The remaster also reinvigorates the audio design. New orchestral arrangements breathe energy into the adventuring. Sparing use of voice clips better evokes the cast. Conversely, the original score and effects drip with atmospheric 16-bit charm. Players can toggle between retro and modern layouts, finding their ideal auditory experience. No matter your preference, improvements in fidelity and production value are plain.
Most impactful are the additional difficulty options and rewind feature. The original’s crushing challenge receives minor relief with Easy, Medium and Hard settings. Enemy damage dealt and taken are adjusted to cut some frustration. Hardcore players can select Original difficulty to embrace the true masochistic struggle. Mid-level, a handy rewind lets you briefly turn back time and reconsider approach. It grants just enough leeway to learn from mistakes without neutering all consequence.
Such upgrades provide quality of life improvements and accessibility options where sorely needed. Presentation receives an admirable overhaul to meet modern standards. The brutal, opaque design remains fully intact for established fans while new players gain accommodations to slightly smooth the experience. For non-hardcore gamers especially, these additions make parsing the stone cold classic more palatable. They ultimately can’t compensate for mediocre core gameplay but do help ease the suffering.
Cracks in the Gargoyle’s Stonework
Unfortunately, Gargoyles Remastered stumbles in improving where it matters most – the gameplay. For all the audiovisual polish, problems plaguing the original remain unresolved. Core design issues around opaque mechanics, unreliable controls and punishing difficulty persist. The Nostalgic patina also reveals some flaws in execution.
Frustrations in combat still run rampant even on lower difficulties. Unclear attack feedback allows enemies to become damage sponges. Their unpredictable reactions make fights feel like slot machine gambles rather than tests of skill. Cheap hits continue whittling away health through barely telegraphed blows. The rewind feature helps but can’t fundamentally fix the lack of fairness or depth.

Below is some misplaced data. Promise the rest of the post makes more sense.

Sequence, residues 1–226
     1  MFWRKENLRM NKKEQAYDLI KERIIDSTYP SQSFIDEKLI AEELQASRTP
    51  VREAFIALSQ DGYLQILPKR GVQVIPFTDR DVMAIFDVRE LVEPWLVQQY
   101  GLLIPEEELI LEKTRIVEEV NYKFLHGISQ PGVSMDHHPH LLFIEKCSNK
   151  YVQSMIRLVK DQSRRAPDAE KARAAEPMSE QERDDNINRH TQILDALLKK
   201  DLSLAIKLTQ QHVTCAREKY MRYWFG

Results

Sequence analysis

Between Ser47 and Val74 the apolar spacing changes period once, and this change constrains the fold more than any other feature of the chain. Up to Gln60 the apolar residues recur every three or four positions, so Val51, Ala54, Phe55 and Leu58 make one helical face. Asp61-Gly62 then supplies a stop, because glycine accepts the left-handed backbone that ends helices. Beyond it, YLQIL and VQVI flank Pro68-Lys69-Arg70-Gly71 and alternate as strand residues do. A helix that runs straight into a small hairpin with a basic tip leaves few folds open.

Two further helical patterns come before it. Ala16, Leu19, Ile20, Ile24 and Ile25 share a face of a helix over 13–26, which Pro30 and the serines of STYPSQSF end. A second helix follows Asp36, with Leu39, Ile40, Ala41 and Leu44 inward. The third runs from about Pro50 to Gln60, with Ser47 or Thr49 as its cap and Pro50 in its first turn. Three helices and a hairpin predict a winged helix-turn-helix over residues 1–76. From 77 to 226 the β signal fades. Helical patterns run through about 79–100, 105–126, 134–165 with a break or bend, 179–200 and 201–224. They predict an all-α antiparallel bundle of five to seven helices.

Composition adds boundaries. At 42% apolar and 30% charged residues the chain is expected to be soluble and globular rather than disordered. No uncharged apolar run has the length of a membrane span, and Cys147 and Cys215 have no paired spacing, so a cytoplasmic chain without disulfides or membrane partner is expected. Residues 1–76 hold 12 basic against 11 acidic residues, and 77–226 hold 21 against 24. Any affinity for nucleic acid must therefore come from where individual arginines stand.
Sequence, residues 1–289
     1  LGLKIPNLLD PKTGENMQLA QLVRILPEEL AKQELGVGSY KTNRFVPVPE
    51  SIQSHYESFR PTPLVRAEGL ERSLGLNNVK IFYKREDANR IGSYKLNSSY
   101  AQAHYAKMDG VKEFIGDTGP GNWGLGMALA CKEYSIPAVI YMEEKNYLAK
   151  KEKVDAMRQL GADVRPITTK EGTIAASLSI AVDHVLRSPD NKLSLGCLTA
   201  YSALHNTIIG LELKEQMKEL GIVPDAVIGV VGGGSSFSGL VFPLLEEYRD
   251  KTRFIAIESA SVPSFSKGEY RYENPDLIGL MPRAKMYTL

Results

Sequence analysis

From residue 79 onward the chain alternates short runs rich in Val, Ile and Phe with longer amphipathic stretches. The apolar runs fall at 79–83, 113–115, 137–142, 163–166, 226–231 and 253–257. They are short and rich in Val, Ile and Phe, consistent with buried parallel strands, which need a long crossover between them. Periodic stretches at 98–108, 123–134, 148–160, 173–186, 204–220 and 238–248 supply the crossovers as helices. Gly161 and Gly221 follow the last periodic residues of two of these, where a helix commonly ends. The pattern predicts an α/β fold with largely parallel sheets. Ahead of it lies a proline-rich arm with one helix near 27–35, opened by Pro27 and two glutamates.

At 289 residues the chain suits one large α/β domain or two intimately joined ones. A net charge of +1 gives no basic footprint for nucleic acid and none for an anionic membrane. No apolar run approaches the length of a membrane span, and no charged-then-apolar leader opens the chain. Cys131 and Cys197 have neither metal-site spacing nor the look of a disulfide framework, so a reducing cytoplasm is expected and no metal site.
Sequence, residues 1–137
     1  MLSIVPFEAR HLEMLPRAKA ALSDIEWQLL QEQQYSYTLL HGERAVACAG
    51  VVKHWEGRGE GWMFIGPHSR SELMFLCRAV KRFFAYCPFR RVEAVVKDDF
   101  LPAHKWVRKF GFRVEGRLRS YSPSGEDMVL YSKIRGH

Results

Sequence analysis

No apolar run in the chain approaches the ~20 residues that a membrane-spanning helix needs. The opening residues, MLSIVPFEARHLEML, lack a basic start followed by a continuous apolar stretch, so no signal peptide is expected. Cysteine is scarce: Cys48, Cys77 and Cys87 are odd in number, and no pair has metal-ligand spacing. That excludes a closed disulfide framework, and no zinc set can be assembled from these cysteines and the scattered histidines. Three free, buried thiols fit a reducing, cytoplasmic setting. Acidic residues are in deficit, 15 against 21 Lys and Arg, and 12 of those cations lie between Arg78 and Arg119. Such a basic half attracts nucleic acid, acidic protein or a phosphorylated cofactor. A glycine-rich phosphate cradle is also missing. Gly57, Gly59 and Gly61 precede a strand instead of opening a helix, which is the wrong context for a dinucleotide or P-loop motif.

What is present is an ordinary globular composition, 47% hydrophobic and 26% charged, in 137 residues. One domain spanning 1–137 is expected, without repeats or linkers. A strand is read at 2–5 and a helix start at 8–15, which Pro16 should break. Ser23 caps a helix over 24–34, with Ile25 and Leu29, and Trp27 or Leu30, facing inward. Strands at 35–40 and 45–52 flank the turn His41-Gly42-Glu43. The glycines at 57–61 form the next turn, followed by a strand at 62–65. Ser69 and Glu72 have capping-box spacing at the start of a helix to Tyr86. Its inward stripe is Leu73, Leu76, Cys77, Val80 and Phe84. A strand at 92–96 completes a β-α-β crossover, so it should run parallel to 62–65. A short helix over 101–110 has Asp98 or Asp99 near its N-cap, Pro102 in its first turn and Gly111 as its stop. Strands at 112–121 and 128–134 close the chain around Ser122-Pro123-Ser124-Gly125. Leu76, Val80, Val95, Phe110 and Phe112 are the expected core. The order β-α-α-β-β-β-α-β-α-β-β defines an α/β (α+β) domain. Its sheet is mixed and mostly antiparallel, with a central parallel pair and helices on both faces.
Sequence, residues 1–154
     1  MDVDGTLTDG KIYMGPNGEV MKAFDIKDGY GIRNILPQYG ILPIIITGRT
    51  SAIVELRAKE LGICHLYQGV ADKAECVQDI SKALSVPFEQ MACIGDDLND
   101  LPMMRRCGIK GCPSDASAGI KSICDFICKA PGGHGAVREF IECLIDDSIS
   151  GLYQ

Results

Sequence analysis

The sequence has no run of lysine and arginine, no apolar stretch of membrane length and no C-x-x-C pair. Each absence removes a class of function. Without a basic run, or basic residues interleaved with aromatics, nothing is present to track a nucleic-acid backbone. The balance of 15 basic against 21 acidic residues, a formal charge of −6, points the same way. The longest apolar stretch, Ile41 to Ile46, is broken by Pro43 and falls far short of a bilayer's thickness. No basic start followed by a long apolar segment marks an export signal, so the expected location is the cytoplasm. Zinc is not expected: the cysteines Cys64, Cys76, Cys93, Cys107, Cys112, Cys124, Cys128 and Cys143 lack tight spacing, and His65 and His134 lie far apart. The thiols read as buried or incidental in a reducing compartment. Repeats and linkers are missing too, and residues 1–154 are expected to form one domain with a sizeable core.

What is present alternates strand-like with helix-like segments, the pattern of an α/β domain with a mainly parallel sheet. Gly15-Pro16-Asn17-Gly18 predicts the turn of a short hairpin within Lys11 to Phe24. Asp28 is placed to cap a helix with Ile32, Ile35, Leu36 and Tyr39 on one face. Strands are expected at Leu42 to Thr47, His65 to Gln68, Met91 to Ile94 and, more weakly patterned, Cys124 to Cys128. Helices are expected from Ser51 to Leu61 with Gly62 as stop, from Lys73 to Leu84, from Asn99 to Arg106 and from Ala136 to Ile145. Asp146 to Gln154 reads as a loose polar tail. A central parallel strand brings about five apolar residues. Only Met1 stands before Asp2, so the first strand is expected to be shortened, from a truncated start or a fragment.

Likewise, inconsistent environment interactions lead to frequent accidental deaths. Identifying climbable surfaces and hazardous terrain remains a guessing game. Stringent inputs for certain moves continue hampering flow. Goliath handles rigidly, making platforming more painful that exciting. Finding the correct pixel-perfect paths takes tremendous trial and error.
Graphical upgrades also come with some caveats. The bright cartoon aesthetics undercut the original’s moody vibe on certain levels. Overly busy backgrounds now distract from traversing foreground platforms. The new visuals sometimes obscure gameplay-critical elements like grabbable hooks until switching back to pixel art. Form overtakes function in places.
Beyond dated design, Gargoyles Remastered lacks wide appeal. It offers little merit beyond stoking nostalgia for fans of the rare license. Even devotees may find this painfully brief relic wears out its welcome quickly. With under an hour of gameplay spread over five levels, only the most diehard will wring extra value out of repeated replays.
Make no mistake, the effort in remastering Gargoyles is admirable. This stone beast shows its age worse than a worn down gothic cathedral though. Bandage solutions help smooth a few rough edges but core design warts remain visible. Sixty dollars for AAA remasters like Resident Evil 2 or Demon’s Souls seems reasonable given their scope and quality. At a budget fifteen dollar price point, Gargoyles Remastered might provide brief, niche entertainment for the devoted. Less patient players should let this stone warrior keep sleeping.
Gargoyle Audio: Remixing the Stone Beast’s Roars
Gargoyles Remastered refreshes the soundtrack with re-recorded takes on the Genesis originals. The familiar metallic compositions gain added energy from higher fidelity. Iconic themes like the heroically bombastic opening see welcome modern treatment. Elsewhere in the score, atmospheric dungeon crawling and stealthy castle infiltration receive similar boosts. Purists can still opt for the 16-bit mixes, which retain nostalgic lo-fi grit.
Modernized sound effects better align with the animated series too. Goliath’s attacks and exertions carry more visceral impact resembling hand drawn animation. Enemies’ taunts and reactions also fit the broader cartoony style. Sparing voice clips add another touch of authenticity through actors like Keith David as Goliath. These snippets enhance immersion without distracting from gameplay. Players essentially have two distinct audio experiences to alternate between on the fly based on personal taste.
Overall, the soundtrack and effects modernizations provide clear upgrades. Higher production values lend the action more cinematic and dramatic flair. The 16-bit versions remain effective through nostalgic charm rather than technical prowess. Gargoyles Remastered smartly preserves both approaches, allowing customization of the ideal auditory backdrop for this stone beast’s adventure.
Preserving the Gargoyle’s Legacy
During its 1995 launch, Gargoyles garnered middling reviews and moderate sales before fading into relative obscurity. Its derivative platforming and extreme difficulty failed to leave a lasting impression outside niche audiences. Still, a small but passionate fan base emerged over the years, allowing the title to maintain some minor cult status.